Belarus is now officially the world’s heaviest drinking nation; and the socio-economic consequences are enormous.
In May of this year, the World Health Organisation (WHO) published a global status report on alcohol and health. According to the report, Belarus heads the list of consumption of pure alcohol per person each year. Those of the population who are 15 and over, drink an average of 17.5 litres per person, while Belarusian men consume as much as 27.5 litres per person. In comparison, the average figure globally is 6.2 litres of pure alcohol per person each year.
The Belarusian Government, however, is not willing to accept this label of the world’s number one drinking nation. Following the WHO report, the Ministry of Health hastened to refute the figures, claiming that it is only about 11 litres of alcohol per person. However, the Ministry forgot to mention that this figure was obtained by taking the entire population into account, rather than using the WHO methodology of only including those aged 15 years and older. According to official data, there are 170,000 registered alcoholics in Belarus, which constitutes almost 2% of the population; and 75% of Belarusians drink alcohol in some way or another.
According to official data, there are 170,000 registered alcoholics in Belarus, which constitutes almost 2% of the population.
Unsurprisingly, the world’s top five alcohol-consuming countries are all in Eastern Europe – Belarus, Moldova, Lithuania, Russia and Romania. Of course, the region is renouned for its long tradition of excessive alcohol consumption but why is it that Belarus now finds itself at the head of the pack?
An important point to bear in mind when answering this question is that there is a marked difference between the drinking cultures of urban and rural areas in Belarus. On the surface, a Belarusian city does not look all that different from any other European city, in which much less alcohol is consumed: drunkards do not lie in the streets, and, in general, public safety is high – one of the few positive aspects of Lukashenka’s authoritarian rule. But if you travel further out into the villages then the picture begins to change quite dramatically; there, practically all inhabitants drink, irrespective of the time of day.
If you travel further out into the villages then the picture begins to change quite dramatically.
Collective farms (kolkhozy) still constitute the basis of the economy in rural Belarus, a legacy of the USSR. Unlike other Soviet republics, however, Belarus has barely reformed its agriculture since Soviet days, and has kept the kolkhozy at its core.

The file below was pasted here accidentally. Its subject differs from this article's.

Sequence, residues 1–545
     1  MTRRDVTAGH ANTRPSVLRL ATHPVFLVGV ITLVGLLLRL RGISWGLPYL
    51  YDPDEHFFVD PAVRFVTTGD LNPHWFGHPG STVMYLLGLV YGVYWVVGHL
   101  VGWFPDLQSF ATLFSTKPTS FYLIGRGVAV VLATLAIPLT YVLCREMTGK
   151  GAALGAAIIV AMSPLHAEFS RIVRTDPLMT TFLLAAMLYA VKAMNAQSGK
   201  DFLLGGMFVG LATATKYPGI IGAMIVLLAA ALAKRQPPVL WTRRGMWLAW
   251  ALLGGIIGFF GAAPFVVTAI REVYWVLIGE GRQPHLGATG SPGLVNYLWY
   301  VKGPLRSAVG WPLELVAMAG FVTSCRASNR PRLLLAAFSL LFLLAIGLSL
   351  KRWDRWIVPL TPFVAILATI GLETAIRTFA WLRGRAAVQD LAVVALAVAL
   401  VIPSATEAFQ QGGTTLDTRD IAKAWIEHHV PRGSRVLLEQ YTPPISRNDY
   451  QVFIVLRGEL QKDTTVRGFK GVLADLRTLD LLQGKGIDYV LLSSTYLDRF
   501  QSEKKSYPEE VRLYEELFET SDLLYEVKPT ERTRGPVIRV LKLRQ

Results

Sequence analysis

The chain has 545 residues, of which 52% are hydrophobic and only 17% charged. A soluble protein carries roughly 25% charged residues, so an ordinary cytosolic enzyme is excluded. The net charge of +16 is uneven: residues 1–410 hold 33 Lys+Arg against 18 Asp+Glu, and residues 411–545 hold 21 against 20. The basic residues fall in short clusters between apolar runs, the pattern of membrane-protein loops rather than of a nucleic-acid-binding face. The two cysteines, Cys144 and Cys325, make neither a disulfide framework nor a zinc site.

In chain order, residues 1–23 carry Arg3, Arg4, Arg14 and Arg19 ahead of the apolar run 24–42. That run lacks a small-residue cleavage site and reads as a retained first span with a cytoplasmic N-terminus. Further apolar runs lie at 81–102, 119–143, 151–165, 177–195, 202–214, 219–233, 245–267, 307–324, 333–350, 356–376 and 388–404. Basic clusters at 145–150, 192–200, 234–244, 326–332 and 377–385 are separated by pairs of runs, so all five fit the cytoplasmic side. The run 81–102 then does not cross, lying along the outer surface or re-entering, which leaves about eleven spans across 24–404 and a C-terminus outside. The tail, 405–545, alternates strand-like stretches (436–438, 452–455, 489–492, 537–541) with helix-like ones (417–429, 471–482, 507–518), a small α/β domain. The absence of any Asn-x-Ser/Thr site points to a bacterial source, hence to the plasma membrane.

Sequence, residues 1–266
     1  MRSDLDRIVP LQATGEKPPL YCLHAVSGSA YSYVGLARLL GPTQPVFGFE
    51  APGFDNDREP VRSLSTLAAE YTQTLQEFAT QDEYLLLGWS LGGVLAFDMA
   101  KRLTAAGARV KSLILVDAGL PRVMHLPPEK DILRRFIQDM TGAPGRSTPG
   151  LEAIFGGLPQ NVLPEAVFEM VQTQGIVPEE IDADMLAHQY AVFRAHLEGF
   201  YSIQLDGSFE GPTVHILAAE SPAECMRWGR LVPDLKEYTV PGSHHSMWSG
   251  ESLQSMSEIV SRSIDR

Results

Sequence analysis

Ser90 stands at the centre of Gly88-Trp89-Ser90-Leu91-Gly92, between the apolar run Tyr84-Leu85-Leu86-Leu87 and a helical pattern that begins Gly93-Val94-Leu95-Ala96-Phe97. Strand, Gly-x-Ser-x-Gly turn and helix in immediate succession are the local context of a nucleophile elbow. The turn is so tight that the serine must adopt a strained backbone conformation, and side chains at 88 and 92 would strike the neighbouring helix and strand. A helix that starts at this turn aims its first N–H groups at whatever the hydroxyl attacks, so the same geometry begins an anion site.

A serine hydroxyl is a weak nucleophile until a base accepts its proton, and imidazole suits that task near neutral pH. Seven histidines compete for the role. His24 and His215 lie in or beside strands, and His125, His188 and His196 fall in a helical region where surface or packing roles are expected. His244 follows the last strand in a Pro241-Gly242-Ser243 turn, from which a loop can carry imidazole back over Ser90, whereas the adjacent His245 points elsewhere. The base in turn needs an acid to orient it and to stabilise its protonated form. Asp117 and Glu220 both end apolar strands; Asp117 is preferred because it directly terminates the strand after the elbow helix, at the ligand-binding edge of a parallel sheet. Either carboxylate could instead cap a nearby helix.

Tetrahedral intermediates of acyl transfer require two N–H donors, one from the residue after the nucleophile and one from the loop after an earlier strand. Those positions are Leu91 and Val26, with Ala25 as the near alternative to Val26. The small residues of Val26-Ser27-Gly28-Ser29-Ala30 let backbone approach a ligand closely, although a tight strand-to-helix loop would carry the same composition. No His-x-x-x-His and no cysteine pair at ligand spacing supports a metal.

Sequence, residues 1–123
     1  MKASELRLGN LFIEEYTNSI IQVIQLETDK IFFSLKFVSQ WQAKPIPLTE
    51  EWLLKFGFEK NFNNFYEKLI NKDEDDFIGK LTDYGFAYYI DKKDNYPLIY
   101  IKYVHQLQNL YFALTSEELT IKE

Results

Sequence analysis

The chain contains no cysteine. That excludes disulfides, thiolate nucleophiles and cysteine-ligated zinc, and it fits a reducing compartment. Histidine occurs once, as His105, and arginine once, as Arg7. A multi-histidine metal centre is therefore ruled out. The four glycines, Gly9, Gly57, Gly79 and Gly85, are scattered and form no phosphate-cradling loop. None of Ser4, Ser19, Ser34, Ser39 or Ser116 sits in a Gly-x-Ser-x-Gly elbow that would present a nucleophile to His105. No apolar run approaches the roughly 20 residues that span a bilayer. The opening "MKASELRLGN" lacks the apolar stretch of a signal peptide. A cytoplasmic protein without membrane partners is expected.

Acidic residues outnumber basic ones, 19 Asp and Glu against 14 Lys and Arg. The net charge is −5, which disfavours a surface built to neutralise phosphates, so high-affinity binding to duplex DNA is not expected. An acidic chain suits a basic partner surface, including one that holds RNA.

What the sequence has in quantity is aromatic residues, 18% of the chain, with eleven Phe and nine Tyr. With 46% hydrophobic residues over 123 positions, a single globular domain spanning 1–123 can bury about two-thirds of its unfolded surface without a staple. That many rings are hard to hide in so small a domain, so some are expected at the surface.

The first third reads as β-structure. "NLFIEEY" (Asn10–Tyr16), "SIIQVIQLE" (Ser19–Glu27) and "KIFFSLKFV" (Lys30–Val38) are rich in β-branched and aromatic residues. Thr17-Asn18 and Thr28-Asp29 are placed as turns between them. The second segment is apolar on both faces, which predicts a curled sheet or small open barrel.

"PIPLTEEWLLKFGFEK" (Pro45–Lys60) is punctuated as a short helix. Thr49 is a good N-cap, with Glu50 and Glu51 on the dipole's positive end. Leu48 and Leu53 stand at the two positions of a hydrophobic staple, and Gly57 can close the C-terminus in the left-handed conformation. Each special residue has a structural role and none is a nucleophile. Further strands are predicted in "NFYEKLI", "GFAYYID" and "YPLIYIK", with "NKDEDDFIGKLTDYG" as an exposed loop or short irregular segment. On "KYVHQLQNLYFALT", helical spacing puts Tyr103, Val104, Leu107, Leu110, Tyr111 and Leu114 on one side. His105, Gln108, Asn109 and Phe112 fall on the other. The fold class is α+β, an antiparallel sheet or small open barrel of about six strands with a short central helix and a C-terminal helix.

The kolkhozy, in which the state has in recent years invested $37 billion, are in crisis, and large numbers of them are unprofitable enterprises. Wages in agriculture are lower than in any other branch of the economy – only 65% of the average wage in Belarus. Due to poor management, the earnings of collective farmers are not incentivised, and, as a consequence, people are simply not interested in the results of their labour. At the same time, farmwork is hard work, and people often work seven days a week. On the rare days that farmers do not work, they are confronted with the same problem that everyone else in the village is faced with: a severe lack of entertainment options.
Cultural life in the village is almost non existent.
Cultural life in the village is almost non existent. In the USSR, villages had a certain cultural infrastructure, with clubs and libraries and so forth, but today most of them have fallen into disrepair. Yet local shops are almost always fully stocked with alcohol. Sometimes the only form of entertainment for young people is the local discos, of which only a few remain. Naturally, this often involves the consumption of alcohol and, not uncommonly, fighting.
People in rural areas have little or no choice – either they work on collective farms for a few kopecks, or they move to the city, or they drink. Young people often choose the second option, while middle-aged and older people tend to opt for the other two.
This state of affairs can be traced back to perestroika and the collapse of the Soviet Union. The rural way of life was almost entirely transformed, people are still grappling with the consequences; and the state’s agricultural policy has hardly helped the situation.